Encyclopedia of Fantasy (1997)
Dark Tower

A classic Bad Place in tales of Chivalry: the term is now best-known through Robert Browning's poem "Childe Roland to the Dark Tower Came" (in Men and Women coll 1855), whose title is a line sung by Edgar during feigned madness in Shakespeare's King Lear (performed circa 1604; 1608). The poem describes, with great intensity, the harried Childe's Quest through a Waste Land to the DT, but we never see inside: the symbol is of faceless Evil. The same is true of Barad-dûr and Minas Morgul in J R R Tolkien's The Lord of the Rings (1954-1955) and the Loathly Tower in Gordon R Dickson's The Dragon and the George (1957). Stephen King's Far-Future fantasy sequence The Dark Tower (1982-1991) takes its inspiration directly from Browning. C S Lewis's unfinished The Dark Tower (written circa 1938; 1977) updates the concept as a modern Edifice, here closely resembling the then-new Cambridge University Library. This was perhaps the cue for the typical skyscraper DT of later Urban Fantasy, often found in London; e.g., the Lateinos and Romiith building overshadowing Brentford in Robert Rankin's East of Ealing (1984), the sorcerer's DT on Cheapside in Tom Holt's Who's Afraid of Beowulf (1988), and the evil media magnate's black-glass Docklands pyramid in Kim Newman's The Quorum (1994). Diane Duane's So You Want to be a Wizard? (1983) features a 90-storey DT, also faced in black glass, in its alternate New York. An impressive cinematic DT is the Fortress of Ultimate Darkness in Time Bandits (1981). [DRL]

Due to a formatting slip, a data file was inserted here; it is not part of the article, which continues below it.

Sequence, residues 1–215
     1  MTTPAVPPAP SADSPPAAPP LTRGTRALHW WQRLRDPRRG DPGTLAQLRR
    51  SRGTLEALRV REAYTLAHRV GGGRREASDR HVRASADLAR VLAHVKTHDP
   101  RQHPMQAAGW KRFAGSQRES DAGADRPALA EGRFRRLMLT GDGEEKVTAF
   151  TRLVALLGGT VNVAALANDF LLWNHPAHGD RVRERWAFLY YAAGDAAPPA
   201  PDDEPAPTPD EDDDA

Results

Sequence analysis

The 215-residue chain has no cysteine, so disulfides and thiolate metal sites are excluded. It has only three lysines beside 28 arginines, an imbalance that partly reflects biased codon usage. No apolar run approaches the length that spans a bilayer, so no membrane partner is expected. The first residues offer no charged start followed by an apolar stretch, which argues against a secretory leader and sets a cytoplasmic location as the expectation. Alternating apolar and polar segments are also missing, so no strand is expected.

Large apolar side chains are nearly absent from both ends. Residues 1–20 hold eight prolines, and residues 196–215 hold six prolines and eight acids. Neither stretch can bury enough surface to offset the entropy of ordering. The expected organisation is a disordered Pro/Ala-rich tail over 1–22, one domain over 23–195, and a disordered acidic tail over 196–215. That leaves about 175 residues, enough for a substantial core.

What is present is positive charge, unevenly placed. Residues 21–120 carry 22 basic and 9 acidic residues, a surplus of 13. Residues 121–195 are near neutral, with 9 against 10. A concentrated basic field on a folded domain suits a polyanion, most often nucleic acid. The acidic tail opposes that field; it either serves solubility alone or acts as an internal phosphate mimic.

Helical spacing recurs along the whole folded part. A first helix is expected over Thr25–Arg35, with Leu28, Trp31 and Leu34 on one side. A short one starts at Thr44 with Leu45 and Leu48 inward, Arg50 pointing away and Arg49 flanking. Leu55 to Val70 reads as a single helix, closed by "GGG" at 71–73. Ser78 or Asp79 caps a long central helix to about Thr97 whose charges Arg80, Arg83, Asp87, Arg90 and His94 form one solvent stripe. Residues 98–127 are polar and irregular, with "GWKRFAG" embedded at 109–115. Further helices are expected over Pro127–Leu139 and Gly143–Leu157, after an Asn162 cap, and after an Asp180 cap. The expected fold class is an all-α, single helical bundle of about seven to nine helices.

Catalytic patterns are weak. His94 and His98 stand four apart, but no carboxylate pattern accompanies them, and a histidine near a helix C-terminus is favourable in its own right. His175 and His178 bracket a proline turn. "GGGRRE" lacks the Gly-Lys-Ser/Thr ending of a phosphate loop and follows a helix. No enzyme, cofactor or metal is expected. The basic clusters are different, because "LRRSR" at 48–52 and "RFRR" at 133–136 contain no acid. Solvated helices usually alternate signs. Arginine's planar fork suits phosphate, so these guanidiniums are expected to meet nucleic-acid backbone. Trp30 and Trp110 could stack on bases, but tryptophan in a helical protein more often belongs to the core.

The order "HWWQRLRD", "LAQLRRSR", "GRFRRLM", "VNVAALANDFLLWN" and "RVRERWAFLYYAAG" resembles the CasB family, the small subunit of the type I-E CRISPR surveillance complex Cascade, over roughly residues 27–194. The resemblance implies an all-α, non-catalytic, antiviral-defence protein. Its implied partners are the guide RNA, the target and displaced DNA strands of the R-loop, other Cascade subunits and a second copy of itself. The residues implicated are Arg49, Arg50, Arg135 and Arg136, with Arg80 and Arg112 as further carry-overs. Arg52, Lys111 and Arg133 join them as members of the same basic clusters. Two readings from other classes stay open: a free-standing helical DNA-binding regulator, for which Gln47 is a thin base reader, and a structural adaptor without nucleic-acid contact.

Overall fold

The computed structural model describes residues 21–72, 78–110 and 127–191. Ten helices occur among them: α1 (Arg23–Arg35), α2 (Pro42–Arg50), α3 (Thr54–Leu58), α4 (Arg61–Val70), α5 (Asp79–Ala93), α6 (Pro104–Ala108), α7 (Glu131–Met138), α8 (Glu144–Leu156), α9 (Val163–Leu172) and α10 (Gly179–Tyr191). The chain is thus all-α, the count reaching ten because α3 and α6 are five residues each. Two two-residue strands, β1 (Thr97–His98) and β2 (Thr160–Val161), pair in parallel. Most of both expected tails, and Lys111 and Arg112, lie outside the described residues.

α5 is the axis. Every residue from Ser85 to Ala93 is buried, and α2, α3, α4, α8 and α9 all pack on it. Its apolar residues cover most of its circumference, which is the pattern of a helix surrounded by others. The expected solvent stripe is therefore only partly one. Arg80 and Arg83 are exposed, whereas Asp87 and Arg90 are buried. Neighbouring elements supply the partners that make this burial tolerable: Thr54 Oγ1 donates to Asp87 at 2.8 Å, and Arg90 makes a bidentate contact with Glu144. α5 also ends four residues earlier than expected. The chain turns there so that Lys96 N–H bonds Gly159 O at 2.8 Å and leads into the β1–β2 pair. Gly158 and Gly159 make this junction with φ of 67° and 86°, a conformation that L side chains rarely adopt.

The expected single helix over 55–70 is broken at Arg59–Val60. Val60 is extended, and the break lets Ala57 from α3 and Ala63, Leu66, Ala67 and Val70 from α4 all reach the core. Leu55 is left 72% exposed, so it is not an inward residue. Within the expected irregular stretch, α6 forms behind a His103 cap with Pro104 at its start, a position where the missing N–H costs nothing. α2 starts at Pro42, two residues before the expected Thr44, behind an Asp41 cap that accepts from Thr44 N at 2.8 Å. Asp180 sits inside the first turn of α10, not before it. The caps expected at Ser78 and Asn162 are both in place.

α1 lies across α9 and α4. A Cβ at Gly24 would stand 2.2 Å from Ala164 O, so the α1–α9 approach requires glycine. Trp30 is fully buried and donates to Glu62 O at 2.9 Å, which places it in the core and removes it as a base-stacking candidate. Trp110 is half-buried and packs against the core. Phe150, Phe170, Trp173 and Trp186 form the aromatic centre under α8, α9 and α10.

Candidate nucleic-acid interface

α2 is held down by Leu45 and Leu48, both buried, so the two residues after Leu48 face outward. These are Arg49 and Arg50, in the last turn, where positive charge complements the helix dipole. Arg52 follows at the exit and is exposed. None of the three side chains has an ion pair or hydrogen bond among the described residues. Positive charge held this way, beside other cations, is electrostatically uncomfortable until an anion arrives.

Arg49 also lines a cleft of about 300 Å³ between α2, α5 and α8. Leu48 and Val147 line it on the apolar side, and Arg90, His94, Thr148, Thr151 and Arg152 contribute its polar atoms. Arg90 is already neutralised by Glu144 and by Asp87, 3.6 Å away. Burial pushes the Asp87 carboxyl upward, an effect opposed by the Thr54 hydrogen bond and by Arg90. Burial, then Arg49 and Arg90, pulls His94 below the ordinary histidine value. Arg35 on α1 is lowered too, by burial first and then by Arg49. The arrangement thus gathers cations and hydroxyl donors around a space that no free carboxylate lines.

This entry is taken from the Encyclopedia of Fantasy (1997) edited by John Clute and John Grant. It is provided as a reference and resource for users of the SF Encyclopedia, but apart from possible small corrections has not been updated.